The FAA has further opened the door to use of long-distance drone flights as part of a critical link in logistics and supply chains across the country.
On December 28, 2020, the Federal Aviation Administration (FAA) announced two major changes to existing federal regulations governing the flight of Unmanned Aircraft (UA), better known as drones. These changes represent the latest in the FAA’s ongoing efforts to integrate drones into the existing National Airspace System, and, in turn, facilitate the implementation of drones in commercial settings. The new rules will become effective 60 days from the date of their publication in the Federal Register, which is anticipated to occur in January 2021.
The first of these two changes, codified at Part 89 in Title 14 of the Code of Federal Regulations, has been dubbed the “Remote ID rule” and establishes requirements for drones “to provide certain identification, location, and performance information that people on ground and other airspace users can receive.” The Remote ID rule provides three methods for drone operators to comply with this “digital license plate” requirement: (1) operate a standard remote identification drone, which broadcasts identification, location and performance information; (2) operate a drone that has been fitted with a remote identification broadcast module to broadcast identification, location and performance information; and (3) operate a drone without any remote identification equipment, so long as that drone is operated within a specific FAA-recognized identification area.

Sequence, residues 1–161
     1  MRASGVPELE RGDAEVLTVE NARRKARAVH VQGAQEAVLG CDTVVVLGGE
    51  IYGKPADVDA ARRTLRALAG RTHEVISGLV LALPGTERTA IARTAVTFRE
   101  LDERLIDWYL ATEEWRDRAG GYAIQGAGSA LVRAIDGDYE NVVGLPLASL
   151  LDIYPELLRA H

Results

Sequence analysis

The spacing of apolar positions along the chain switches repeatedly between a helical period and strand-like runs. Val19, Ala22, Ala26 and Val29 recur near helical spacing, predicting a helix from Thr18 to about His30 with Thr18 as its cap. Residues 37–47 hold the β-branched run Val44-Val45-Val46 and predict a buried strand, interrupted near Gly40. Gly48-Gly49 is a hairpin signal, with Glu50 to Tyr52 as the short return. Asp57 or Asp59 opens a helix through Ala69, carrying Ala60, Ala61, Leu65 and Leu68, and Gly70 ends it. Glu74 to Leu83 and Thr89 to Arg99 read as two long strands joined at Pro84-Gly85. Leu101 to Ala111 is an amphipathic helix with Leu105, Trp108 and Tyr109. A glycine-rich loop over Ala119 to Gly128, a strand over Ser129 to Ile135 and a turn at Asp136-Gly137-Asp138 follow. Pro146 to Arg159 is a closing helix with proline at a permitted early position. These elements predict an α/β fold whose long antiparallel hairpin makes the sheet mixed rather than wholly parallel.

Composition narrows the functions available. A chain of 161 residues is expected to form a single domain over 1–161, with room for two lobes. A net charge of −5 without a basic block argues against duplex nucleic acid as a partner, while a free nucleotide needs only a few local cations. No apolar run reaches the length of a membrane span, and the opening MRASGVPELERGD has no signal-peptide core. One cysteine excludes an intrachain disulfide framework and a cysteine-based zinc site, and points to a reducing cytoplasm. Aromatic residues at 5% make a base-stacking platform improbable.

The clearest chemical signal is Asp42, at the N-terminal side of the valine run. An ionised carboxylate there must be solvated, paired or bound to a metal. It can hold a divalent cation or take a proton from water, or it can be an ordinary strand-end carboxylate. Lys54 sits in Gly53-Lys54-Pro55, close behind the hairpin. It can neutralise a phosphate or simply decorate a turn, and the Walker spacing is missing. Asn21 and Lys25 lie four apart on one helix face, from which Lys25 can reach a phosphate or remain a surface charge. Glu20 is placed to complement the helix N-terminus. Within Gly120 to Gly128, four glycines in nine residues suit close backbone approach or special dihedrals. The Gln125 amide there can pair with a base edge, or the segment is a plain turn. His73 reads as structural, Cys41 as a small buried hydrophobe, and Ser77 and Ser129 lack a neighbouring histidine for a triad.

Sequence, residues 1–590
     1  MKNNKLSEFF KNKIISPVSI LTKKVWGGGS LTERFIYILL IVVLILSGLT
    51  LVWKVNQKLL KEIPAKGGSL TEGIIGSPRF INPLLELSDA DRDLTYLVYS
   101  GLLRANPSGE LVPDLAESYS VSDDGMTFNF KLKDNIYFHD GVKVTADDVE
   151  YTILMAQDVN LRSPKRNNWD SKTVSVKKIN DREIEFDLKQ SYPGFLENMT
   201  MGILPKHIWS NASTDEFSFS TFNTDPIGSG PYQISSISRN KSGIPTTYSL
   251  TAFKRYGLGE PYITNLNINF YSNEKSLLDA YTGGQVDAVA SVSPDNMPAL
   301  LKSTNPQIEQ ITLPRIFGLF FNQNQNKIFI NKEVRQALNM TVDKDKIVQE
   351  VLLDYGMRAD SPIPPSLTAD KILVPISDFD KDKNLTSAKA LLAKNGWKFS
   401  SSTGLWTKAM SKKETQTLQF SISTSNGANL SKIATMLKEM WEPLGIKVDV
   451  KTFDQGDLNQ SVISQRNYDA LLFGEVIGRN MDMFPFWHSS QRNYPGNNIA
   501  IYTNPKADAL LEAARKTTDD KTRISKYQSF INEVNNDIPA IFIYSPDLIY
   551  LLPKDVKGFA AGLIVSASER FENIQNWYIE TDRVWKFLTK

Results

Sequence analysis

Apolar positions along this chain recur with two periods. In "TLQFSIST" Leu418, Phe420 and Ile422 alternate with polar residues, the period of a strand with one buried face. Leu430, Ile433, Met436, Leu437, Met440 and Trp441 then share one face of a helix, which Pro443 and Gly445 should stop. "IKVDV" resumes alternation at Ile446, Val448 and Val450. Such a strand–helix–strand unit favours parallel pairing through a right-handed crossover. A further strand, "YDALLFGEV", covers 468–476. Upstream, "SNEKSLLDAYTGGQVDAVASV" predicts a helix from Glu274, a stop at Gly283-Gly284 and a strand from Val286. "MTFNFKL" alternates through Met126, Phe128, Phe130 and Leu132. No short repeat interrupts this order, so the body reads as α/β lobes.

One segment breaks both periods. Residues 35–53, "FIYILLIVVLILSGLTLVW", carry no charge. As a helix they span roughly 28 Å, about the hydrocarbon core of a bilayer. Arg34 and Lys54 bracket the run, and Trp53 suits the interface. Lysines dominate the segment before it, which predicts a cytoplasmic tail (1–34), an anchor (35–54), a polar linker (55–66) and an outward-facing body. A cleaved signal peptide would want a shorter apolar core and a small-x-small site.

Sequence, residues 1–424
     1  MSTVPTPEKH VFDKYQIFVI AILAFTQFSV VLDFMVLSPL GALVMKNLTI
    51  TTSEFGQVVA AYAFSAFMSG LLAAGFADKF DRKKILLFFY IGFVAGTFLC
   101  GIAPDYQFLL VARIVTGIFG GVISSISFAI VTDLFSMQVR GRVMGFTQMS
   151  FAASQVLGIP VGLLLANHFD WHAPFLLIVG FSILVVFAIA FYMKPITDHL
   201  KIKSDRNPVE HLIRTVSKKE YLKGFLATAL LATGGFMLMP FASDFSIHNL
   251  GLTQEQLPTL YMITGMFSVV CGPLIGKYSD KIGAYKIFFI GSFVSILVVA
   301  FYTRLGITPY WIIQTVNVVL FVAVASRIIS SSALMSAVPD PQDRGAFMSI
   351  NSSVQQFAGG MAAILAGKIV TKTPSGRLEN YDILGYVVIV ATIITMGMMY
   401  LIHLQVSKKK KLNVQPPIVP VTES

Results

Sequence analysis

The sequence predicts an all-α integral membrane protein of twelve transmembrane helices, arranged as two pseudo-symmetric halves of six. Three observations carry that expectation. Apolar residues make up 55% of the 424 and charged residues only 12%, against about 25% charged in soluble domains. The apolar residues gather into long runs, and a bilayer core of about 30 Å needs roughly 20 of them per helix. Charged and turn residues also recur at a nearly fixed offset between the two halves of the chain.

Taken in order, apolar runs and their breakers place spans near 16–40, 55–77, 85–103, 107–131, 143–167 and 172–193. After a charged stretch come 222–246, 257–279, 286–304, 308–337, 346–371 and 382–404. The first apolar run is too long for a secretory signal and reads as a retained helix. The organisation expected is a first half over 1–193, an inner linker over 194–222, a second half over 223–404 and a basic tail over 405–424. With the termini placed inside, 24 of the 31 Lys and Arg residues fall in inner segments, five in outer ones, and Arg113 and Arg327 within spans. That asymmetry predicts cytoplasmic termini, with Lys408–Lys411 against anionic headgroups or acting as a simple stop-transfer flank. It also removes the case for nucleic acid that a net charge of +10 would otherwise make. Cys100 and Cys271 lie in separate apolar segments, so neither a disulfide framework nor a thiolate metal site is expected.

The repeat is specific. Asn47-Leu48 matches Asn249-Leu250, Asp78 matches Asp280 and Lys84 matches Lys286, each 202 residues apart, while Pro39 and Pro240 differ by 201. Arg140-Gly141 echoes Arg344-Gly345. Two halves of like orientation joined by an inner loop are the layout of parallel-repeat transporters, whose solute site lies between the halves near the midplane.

The second change, which amends Part 107 in Title 14 of the Code of Federal Regulations, has been dubbed the “Operation of Unmanned Aircraft Systems Over People Rule.” In its current form, Part 107 prohibits the flight of drones at night through airspace over persons not directly involved in their operations absent the issuance of a special FAA waiver. Thus, the new rule does away with the waiver requirements and permits drone flights at night and/or over people, provided certain conditions are met. In order to operate at night, the remote pilot must complete a special testing protocol “to ensure familiarity with the risks and appropriate mitigations for nighttime operations,” and the drone must be equipped with sufficient anti-collision lighting, visible at no less than three statute miles. Similarly, the new rule prescribes four separate categories―relating to the specifications and operation―into which a drone must fall in order to operate over people. As a corollary, the rule also permits the operation of drones over motor vehicles and requires that drone operators maintain physical possession of their remote pilot certificates to present to authorities as needed.
With these small yet significant changes to existing drone regulations, the FAA moves closer to incorporating drones as a widespread, accepted and safely regulated part of the National Airspace System. Moreover, by reducing the limitations on how, when and where drones may be operated, the FAA has further opened the door to use of long-distance drone flights as part of a critical link in logistics and supply chains across the country.
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